Gjógv – Faroe IslandsMonday, 8 June 2009
I’m staying in the very pleasant (and busy too) Gjáagarður guest house/youth hostel in Gjógv. It’s a very pretty little village, but that’s no feat … every village in the Faroes is very pretty. They all look like the toy villages in some kid’s model railway, neat little primary-coloured houses all tidy and trim. That’s helped by the fact that you’re often looking down on them, a lot of the time in the Faroes you seem to be way high up, looking down on toy town below.
The Faroes? They’re a group of islands directly north of Ireland. Way north, the capital Tórshavn is at 62º North, that puts it about a degree north of Anchorage in Alaska, or two degrees south of Reykjavik in Iceland. Their status? A kind of semi-independent offshoot of Denmark. We didn’t put them in the first edition of The Travel Book, our assessment of every country in the world. There were so many complaints the Faroe Islands were the one ‘country’ we added to the second edition.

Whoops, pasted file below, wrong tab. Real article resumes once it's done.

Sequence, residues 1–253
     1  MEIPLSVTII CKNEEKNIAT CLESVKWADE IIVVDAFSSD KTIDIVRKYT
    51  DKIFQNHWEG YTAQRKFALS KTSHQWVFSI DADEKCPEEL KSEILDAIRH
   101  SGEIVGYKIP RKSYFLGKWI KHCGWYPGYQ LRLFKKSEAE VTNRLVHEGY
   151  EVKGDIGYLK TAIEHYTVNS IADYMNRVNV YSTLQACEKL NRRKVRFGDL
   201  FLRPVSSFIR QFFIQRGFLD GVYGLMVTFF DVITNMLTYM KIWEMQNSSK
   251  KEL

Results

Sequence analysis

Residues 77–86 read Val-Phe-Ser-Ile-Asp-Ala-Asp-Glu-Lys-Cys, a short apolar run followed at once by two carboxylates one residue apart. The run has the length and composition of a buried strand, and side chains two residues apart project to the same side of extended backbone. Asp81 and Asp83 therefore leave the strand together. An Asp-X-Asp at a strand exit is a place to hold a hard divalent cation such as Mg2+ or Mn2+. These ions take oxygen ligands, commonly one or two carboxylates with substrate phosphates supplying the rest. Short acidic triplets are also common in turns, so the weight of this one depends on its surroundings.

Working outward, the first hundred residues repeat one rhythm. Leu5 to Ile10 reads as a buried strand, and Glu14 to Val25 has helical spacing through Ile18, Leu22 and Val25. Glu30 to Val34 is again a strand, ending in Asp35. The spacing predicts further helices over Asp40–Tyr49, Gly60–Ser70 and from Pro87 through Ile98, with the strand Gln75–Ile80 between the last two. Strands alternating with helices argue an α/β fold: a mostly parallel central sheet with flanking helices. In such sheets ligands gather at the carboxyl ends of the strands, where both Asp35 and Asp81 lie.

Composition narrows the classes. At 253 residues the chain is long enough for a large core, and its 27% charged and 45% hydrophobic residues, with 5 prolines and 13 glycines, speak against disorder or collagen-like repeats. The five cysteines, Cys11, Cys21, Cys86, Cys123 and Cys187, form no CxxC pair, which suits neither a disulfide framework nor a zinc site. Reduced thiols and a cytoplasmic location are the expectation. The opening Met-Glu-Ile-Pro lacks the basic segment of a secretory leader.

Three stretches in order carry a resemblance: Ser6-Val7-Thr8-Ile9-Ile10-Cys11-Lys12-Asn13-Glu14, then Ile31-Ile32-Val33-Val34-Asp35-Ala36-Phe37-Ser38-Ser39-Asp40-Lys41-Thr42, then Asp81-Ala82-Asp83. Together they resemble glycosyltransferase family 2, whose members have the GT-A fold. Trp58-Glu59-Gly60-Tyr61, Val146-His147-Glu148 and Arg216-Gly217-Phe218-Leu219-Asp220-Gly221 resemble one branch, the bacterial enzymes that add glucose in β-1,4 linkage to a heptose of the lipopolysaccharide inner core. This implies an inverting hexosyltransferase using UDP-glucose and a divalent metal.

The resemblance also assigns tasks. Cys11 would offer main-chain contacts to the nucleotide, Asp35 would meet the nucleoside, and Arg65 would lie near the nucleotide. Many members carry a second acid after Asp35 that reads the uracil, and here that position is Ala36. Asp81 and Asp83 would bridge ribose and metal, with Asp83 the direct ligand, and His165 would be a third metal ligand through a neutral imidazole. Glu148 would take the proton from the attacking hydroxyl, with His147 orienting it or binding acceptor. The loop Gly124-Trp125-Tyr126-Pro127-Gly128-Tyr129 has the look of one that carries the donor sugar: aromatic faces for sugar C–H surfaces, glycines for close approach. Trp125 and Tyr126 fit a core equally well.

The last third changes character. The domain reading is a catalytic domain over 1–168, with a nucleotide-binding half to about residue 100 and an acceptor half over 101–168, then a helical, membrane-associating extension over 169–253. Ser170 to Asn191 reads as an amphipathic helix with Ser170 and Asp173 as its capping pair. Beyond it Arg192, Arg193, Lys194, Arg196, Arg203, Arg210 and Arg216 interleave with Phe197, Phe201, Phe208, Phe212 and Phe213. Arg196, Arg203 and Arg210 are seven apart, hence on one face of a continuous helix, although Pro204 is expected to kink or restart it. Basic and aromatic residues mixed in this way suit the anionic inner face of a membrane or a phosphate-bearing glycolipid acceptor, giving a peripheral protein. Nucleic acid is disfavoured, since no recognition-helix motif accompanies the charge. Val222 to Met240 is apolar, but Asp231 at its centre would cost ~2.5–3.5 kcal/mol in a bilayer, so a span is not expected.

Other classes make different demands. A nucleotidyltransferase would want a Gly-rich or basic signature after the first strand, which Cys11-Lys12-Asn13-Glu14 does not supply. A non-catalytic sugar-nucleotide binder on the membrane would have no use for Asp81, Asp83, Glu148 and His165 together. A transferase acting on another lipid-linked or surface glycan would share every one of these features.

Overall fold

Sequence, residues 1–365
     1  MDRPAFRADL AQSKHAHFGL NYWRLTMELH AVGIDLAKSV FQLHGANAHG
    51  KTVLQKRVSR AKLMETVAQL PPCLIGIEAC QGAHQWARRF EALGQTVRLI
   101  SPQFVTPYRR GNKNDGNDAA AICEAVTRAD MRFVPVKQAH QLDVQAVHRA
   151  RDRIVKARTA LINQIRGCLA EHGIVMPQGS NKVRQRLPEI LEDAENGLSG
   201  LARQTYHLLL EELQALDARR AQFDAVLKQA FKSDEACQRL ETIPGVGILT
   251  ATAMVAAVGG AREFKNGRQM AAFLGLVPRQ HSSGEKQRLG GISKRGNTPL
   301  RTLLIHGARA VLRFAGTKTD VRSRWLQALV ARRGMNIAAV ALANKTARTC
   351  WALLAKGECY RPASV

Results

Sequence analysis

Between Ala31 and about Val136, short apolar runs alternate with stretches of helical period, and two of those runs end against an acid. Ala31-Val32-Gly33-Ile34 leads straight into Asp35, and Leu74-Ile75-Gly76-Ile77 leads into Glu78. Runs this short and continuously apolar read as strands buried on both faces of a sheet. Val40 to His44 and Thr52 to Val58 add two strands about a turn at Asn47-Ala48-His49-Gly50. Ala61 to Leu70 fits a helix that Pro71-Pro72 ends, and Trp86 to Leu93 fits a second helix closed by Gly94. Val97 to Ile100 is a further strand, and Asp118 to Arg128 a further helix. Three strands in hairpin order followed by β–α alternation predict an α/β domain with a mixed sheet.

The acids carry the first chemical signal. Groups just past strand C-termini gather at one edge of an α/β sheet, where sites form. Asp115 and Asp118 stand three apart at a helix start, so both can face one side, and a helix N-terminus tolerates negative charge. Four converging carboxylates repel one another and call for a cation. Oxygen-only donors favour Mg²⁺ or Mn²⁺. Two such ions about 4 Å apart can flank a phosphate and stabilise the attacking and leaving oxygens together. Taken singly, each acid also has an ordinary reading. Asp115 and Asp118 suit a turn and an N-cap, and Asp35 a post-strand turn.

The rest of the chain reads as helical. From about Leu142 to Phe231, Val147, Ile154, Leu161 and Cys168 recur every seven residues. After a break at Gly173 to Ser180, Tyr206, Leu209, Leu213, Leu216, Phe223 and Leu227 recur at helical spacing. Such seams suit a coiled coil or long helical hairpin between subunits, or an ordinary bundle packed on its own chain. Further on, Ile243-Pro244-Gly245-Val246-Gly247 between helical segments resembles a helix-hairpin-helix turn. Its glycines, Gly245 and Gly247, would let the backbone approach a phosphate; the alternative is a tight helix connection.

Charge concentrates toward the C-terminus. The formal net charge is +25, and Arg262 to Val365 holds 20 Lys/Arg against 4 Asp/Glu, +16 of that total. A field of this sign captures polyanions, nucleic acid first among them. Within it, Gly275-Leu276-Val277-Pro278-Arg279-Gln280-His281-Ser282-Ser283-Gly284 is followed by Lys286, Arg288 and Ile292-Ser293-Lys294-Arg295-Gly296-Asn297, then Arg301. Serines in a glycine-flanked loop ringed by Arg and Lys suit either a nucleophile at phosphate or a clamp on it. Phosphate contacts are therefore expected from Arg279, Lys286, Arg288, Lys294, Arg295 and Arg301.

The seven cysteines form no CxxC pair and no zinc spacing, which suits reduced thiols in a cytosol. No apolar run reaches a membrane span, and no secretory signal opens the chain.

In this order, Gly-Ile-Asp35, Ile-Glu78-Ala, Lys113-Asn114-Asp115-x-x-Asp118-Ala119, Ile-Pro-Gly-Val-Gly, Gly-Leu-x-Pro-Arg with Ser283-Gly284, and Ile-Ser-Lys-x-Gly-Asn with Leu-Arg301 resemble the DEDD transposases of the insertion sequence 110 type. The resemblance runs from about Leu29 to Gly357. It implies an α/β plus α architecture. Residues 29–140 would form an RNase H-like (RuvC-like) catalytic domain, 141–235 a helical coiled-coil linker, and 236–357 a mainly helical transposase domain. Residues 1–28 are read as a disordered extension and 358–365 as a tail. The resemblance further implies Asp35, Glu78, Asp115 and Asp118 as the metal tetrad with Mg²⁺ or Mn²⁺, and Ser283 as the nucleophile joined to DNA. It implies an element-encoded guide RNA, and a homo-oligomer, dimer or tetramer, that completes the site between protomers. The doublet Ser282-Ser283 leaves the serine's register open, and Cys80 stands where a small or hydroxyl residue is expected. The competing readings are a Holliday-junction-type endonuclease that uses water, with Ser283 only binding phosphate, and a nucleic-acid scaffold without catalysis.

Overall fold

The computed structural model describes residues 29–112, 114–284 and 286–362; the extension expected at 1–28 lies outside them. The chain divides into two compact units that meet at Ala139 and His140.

Today I started in Tórshavn and drove northwest to Vestmanna to take a boat trip to see the soaring bird cliffs and the thousands of nesting seabirds including puffins. They’re the bird everybody wants to see in the Faroes, but I was equally impressed by the suicidal sheep. They contentedly graze on impossibly steep slopes where it’s clearly impossible for them to have got there without rock climbing equipment.
Next stop Eiði, yeah I know it’s unpronounceable as well. A steep walk above the village takes you to a cliff top lookout above the twin rock stacks known as the Risin and Kellingin, aka the prince and the hag or the giant and his troll. This ill-intentioned pair had lassoed the Faroes and were trying to tow it away to Iceland, but they spent so much time squabbling they were turned into stone.
Don’t come to the Faroes if you don’t have a head for heights. Every walk seems to end at a sheer drop with the sea a couple of hundred metres directly below you. You worry that if a gust of wind doesn’t push you off a stray sheep will come by and do the job.